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Today’s talking point: A prescription for inequality


NHS prescriptions in Scotland, Wales and Northern Ireland have been free for more than a decade – while people in England must still pay a substantial £9.35 per item. 

Now the English Democrats Party is campaigning for charges in England to be abolished and has organised a national petition demanding ‘equality’ with the rest of the United Kingdom, hoping to get 50,000 signatures. 

Prescription charges were first introduced by the NHS in 1952, four years after its founding as a free service. They were abolished in 1965 but then reintroduced, with exemptions, in 1968 because of budgetary pressures.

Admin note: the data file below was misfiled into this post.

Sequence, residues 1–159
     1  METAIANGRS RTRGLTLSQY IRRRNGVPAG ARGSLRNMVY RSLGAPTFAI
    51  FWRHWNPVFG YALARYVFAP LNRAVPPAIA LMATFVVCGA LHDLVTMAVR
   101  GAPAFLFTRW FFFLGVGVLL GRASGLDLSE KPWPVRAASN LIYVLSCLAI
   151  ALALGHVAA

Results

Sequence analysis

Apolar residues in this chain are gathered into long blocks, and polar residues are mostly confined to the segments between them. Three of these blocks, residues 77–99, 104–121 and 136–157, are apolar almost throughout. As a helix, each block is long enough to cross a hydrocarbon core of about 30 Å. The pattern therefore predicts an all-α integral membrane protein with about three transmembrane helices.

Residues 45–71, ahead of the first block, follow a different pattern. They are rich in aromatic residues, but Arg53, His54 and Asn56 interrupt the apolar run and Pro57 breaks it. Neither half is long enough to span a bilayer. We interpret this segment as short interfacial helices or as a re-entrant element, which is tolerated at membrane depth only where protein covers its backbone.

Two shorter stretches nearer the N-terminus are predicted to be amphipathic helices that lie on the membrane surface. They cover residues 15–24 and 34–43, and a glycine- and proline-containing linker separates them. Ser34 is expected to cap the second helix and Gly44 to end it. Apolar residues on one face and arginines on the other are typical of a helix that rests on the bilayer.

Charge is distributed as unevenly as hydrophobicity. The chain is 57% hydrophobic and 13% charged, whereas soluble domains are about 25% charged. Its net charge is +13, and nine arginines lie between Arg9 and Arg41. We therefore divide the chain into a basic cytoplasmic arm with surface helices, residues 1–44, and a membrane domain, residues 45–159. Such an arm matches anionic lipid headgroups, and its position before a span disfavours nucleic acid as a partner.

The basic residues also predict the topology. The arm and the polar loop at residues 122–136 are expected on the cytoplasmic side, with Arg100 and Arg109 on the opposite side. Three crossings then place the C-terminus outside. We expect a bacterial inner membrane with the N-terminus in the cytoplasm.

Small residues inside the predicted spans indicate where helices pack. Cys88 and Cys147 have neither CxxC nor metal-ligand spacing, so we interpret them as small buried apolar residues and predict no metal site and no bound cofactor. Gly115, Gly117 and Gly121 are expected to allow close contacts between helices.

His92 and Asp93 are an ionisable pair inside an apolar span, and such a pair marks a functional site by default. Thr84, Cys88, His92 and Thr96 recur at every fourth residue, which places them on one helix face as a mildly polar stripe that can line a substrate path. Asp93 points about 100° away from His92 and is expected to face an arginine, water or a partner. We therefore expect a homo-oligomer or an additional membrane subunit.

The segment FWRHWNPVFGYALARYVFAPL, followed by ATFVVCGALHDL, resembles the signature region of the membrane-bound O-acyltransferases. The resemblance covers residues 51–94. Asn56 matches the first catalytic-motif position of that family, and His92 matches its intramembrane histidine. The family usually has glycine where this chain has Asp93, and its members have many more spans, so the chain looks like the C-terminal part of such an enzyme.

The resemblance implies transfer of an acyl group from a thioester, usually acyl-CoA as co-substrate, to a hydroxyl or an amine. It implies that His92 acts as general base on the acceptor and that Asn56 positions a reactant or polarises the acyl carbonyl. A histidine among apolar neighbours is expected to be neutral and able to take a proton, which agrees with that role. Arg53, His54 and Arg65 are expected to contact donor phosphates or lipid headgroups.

Between 2007 and 2011, charges were phased out and eventually scrapped by the devolved administrations in Scotland, Wales and Northern Ireland. Politicians in all three countries said imposing fees was a barrier to people accessing the medication they needed and abolition was a long-term investment in improving health.  

The English Democrats, launched in 2002, say they are the only campaigning English nationalist party and are England’s answer to the Scottish National Party and to Plaid Cymru.  

So are they right? Is it fair that prescription charges should still be imposed only in England? Feel free to discuss this and any other subject you wish. 

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Edited by Kathy Gyngell

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